Business owners are being warned about director loans contributing to personal bankruptcies, as creditors chase business owners for outstanding funds during liquidation.
Stewart Free, a partner and the NSW trustee at insolvency firm Jirsch Sutherland, revealed that his firm has seen a substantial spike in the number of insolvency cases involving director loans, and that many business owners may not be aware of the risks and ramifications associated with them.
“Used wisely, director loans can be useful. However, there are some circumstances where they present a major risk. One particular circumstance is during a liquidation,” Mr Free said.
“Many business owners use debit loan accounts to mitigate tax or improve cash flow during tough times, but the issue is that if the company gets into strife, the owner can get caught out because they are responsible for the debt. I’m seeing a lot more people become bankrupt as a result of this.”
He told My Business that his firm typically manages between 400 and 500 bankruptcies at any given point — with over 100 cases under his direct control, and he estimated that, historically, between 10 and 20 per cent had involved director loans.
“We’re [now] seeing on average 20 to 30 per cent have got loans back to companies, which either might be in liquidation or are still active,” Mr Free said.
“They have been there in the past, it’s just that there just seems to be more and more of it, as people are using it as effective[ly a] tax minimisation strategy, but get caught in the back-end unfortunately.”
Asked why this issue may be flaring now, Mr Free said that he believed it is “a combination of factors”.
“I think people are more aware that this strategy — which is a legal strategy — is there and you can use it, it is valid. But there are implications at the back-end.
“And people are also under cash flow pressures in business, with discretionary spend down, consumer confidence [down] and wage increases almost non-existent... it’s all creating almost a perfect storm.”
Mr Free also warned that it is small, family businesses which are most likely to be suffering from the fallout of director loans.
Are director’s loans directly causing insolvencies?
The insolvency specialist said that rather than being the direct cause of business insolvencies, director loans are increasingly becoming part of the factors contributing to these difficulties.
“But more and more, it’s becoming a bigger factor,” he said.
“It’s that old adage that business owners look at bank balances, but bank balance is not profitability. So they look at the bank balance, take some money, that goes against Division 7A loan; if work turns down, they can scale back.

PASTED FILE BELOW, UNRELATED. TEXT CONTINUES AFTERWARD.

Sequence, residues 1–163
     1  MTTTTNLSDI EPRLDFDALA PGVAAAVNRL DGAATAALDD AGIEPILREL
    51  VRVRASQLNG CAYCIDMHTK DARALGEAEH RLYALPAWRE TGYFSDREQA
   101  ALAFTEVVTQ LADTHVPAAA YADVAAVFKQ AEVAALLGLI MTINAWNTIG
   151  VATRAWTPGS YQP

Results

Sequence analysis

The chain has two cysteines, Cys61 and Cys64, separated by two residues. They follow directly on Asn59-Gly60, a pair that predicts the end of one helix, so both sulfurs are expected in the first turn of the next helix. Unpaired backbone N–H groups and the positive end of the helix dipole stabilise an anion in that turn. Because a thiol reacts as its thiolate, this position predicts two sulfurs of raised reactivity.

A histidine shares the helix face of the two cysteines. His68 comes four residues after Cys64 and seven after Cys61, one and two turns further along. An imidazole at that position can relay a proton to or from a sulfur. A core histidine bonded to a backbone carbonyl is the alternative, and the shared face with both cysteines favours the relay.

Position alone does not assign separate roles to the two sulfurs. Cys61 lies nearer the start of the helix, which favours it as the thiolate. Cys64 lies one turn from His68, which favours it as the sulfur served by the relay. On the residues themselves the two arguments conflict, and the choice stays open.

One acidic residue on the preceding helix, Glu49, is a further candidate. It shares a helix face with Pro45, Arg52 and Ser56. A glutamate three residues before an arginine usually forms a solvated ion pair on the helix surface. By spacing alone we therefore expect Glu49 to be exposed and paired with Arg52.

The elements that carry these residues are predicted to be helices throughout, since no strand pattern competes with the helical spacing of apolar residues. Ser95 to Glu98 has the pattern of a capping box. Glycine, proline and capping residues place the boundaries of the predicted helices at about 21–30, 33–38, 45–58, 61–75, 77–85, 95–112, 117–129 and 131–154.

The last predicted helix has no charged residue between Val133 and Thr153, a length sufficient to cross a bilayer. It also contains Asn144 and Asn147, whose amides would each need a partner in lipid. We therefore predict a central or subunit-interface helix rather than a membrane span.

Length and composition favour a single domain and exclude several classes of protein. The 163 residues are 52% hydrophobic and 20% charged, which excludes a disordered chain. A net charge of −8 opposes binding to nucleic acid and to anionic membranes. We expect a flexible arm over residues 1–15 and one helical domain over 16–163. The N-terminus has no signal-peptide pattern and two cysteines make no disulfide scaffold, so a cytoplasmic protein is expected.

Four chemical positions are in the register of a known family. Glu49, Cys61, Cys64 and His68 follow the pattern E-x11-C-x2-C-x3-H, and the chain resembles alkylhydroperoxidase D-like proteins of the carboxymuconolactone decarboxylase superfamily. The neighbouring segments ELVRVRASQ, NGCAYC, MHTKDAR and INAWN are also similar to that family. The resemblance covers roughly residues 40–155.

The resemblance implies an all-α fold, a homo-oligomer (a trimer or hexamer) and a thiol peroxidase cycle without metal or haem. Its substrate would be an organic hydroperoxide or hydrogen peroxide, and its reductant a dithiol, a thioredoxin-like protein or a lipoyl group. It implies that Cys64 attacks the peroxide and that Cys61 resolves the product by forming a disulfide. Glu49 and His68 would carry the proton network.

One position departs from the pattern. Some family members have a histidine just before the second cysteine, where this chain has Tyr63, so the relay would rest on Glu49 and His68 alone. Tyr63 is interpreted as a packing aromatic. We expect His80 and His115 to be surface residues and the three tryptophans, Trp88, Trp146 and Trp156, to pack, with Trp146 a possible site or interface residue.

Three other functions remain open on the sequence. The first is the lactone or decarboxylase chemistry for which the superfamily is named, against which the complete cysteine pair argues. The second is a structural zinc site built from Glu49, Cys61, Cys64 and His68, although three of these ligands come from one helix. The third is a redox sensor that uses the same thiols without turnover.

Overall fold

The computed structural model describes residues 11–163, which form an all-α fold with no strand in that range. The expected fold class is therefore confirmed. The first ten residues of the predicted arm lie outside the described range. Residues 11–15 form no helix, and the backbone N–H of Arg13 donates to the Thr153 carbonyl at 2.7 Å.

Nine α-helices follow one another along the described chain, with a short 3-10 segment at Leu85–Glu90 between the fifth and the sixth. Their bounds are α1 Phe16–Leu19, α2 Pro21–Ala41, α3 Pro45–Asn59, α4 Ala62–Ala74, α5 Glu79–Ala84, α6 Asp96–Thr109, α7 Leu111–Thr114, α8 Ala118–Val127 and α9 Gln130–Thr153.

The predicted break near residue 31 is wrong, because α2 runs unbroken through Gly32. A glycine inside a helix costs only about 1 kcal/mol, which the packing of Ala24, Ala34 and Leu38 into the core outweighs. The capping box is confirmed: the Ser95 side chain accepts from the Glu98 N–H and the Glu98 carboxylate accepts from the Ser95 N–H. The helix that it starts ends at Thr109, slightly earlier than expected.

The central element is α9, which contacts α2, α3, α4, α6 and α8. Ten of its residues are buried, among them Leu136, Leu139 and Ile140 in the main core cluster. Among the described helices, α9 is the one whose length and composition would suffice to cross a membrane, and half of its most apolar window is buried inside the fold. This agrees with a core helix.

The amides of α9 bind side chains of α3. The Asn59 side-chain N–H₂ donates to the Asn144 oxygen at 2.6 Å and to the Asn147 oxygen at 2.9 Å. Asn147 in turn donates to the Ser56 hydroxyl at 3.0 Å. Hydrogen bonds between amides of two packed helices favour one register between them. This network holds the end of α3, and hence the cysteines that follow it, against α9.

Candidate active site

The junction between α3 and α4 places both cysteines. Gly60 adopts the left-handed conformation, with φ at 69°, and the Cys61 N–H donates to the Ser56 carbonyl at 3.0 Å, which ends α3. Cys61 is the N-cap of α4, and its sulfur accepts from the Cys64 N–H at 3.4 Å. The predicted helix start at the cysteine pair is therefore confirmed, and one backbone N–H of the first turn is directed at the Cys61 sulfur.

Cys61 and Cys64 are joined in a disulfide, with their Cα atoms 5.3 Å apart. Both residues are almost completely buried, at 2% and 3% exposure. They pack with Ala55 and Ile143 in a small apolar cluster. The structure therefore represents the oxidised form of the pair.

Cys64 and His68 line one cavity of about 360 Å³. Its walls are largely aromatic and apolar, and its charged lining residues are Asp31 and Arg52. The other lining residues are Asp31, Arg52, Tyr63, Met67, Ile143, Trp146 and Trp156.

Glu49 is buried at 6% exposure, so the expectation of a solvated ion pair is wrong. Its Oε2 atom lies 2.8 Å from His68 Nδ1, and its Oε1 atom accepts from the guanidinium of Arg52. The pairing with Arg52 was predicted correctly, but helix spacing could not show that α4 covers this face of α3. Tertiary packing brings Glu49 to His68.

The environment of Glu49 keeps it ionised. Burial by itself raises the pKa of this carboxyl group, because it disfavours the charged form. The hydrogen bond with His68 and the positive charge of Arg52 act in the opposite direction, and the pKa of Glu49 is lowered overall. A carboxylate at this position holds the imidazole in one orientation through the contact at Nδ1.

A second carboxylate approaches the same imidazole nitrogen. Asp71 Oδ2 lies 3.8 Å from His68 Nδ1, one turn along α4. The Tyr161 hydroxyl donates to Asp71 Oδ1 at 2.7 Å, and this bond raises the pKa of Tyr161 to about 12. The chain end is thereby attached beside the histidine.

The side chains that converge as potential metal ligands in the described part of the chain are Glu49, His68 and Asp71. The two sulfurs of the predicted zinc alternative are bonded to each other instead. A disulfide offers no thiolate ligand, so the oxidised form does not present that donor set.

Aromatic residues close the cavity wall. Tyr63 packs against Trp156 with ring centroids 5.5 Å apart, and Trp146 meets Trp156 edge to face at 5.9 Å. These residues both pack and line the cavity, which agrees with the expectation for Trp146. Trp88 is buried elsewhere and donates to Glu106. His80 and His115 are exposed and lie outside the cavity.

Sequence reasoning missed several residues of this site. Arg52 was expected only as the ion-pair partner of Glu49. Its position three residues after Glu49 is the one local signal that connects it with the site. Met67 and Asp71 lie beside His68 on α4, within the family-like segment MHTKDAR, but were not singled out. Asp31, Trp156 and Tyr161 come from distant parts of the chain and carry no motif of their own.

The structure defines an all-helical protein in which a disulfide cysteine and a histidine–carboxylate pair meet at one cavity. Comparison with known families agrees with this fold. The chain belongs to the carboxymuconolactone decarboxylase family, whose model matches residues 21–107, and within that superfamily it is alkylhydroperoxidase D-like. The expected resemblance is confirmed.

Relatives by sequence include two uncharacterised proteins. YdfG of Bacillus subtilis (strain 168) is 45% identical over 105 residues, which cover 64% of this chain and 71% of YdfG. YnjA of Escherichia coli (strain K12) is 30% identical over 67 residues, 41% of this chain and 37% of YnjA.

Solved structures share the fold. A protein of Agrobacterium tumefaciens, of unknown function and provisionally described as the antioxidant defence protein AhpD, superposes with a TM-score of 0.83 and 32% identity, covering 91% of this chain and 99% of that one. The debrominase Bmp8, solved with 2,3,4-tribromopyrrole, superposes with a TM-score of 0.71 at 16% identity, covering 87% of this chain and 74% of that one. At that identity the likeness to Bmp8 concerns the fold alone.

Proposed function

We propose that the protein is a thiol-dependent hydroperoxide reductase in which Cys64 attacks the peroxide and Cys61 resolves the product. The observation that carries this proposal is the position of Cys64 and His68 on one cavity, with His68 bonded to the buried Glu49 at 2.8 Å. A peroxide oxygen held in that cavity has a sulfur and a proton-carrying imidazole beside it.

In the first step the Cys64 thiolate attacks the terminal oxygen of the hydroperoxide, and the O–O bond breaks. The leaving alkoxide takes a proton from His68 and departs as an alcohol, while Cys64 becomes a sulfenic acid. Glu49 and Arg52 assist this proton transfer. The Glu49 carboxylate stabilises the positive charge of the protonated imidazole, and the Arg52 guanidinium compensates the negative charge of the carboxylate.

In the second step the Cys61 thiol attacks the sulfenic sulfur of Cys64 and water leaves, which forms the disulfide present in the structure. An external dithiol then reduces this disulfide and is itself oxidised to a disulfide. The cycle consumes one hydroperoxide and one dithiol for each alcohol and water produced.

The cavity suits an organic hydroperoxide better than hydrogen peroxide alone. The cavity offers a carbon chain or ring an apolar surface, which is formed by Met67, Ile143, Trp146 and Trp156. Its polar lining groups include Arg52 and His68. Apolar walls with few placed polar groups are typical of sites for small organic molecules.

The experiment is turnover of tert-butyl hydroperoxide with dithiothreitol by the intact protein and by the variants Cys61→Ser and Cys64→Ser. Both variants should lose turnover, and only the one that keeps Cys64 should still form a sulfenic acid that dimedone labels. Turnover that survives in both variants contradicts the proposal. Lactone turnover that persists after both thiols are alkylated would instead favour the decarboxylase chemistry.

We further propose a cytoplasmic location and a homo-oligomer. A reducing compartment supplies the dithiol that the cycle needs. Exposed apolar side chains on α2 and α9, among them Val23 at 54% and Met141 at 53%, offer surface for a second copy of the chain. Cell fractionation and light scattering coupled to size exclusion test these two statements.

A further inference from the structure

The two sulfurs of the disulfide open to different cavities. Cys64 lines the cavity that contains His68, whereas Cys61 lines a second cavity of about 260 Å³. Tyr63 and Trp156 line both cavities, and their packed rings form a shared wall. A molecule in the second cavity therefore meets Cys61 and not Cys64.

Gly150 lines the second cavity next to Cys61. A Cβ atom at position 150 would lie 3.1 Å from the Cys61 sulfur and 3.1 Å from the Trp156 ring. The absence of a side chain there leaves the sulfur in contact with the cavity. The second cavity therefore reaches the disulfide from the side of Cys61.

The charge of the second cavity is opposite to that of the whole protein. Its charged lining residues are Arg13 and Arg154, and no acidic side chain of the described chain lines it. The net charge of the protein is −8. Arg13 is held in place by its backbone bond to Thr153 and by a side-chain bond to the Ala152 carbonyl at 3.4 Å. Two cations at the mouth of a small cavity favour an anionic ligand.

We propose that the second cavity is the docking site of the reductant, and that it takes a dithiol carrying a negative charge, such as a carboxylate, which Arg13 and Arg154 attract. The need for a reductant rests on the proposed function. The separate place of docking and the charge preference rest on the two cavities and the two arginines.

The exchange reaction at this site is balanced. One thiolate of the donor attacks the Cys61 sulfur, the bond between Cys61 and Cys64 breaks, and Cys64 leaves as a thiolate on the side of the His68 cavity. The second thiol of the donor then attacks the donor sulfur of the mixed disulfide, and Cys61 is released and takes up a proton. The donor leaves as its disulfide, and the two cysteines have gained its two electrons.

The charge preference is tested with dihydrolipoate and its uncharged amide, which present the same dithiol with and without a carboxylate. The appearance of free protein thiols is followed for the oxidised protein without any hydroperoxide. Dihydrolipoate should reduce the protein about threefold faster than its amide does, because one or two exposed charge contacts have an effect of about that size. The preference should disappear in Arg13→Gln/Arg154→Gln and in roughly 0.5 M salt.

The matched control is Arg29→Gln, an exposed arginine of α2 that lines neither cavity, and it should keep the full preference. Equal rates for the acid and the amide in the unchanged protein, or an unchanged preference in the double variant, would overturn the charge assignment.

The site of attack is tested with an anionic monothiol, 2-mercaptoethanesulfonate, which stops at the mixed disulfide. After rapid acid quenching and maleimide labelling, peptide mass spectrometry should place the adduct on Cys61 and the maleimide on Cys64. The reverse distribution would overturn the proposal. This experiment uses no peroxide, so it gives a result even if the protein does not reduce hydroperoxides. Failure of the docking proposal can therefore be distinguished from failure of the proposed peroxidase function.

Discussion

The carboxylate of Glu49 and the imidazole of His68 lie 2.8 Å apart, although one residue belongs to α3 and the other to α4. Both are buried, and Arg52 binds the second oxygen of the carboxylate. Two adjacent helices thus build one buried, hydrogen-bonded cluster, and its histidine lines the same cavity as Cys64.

“But if there are any creditors left unpaid and they come after them, and all of a sudden it’s got this big Division 7A loan, which a liquidator treats just like any other asset of the company, it’s almost like a cash-at-bank type of thing, so it’s due and payable.”
Should business owners simply avoid director’s loans altogether?
Asked whether, given these risks, he would advocate against the use of director’s loans, Mr Free said emphatically that, no, he wouldn’t, but rather he urges business owners to be fully aware of the implications for drawing down business funds under a director’s loan, to minimise the risk of being caught out with a personal bill owing to creditors of the business should it fail.
“Just go in with your eyes wide open about it,” he said.
“Often, they use the company bank account for groceries and school fees and all that sort of stuff, and it all goes to a Division 7A loan.”
The very fact that his firm is seeing more cases of director’s loans involved in liquidations and personal bankruptcies is suggestive of a lack of awareness as to the risks associated with director’s loans.
“Not knowing what the potential downside of it is,” he said.
‘Look at the figures’
According to Mr Free, business owners should refrain from viewing their tax returns as simply an act of compliance, but take in and use the data that it provides to understand the workings of their business.
“Actually look at the figures — look at the risk profile in there,” he said.
“If there is a shareholder’s loan, what is the strategy that the directors are going to implement to get that down if things are not looking crash-hot.”
He also advised that anyone with outstanding loans “do whatever they can to ensure those loans are repaid, over a short to medium time frame”.
“Because if you’re concerned about the Tax Office and concerned about creditors chasing you, but you think you’re going to be able to hide behind what’s already a diminishing corporate shield, the Division 7A just punches straight through it, and gives creditors via a bankruptcy trustee access to your personal assets. So, it’s almost like you’re operating like a sole trader.”
Mr Free’s comments come amid separate figures revealing a concerning increase in the number of business insolvencies and payment defaults.
Adam Zuchetti is the editor of My Business, and has steered the publication’s editorial direction since early 2016.
Ask the Experts: Does automation stack up financially?
By Christopher Overton
Opinion: How bad do things have to get?!
By Adam Zuchetti
Business lessons from the All Blacks
By Steve Stanley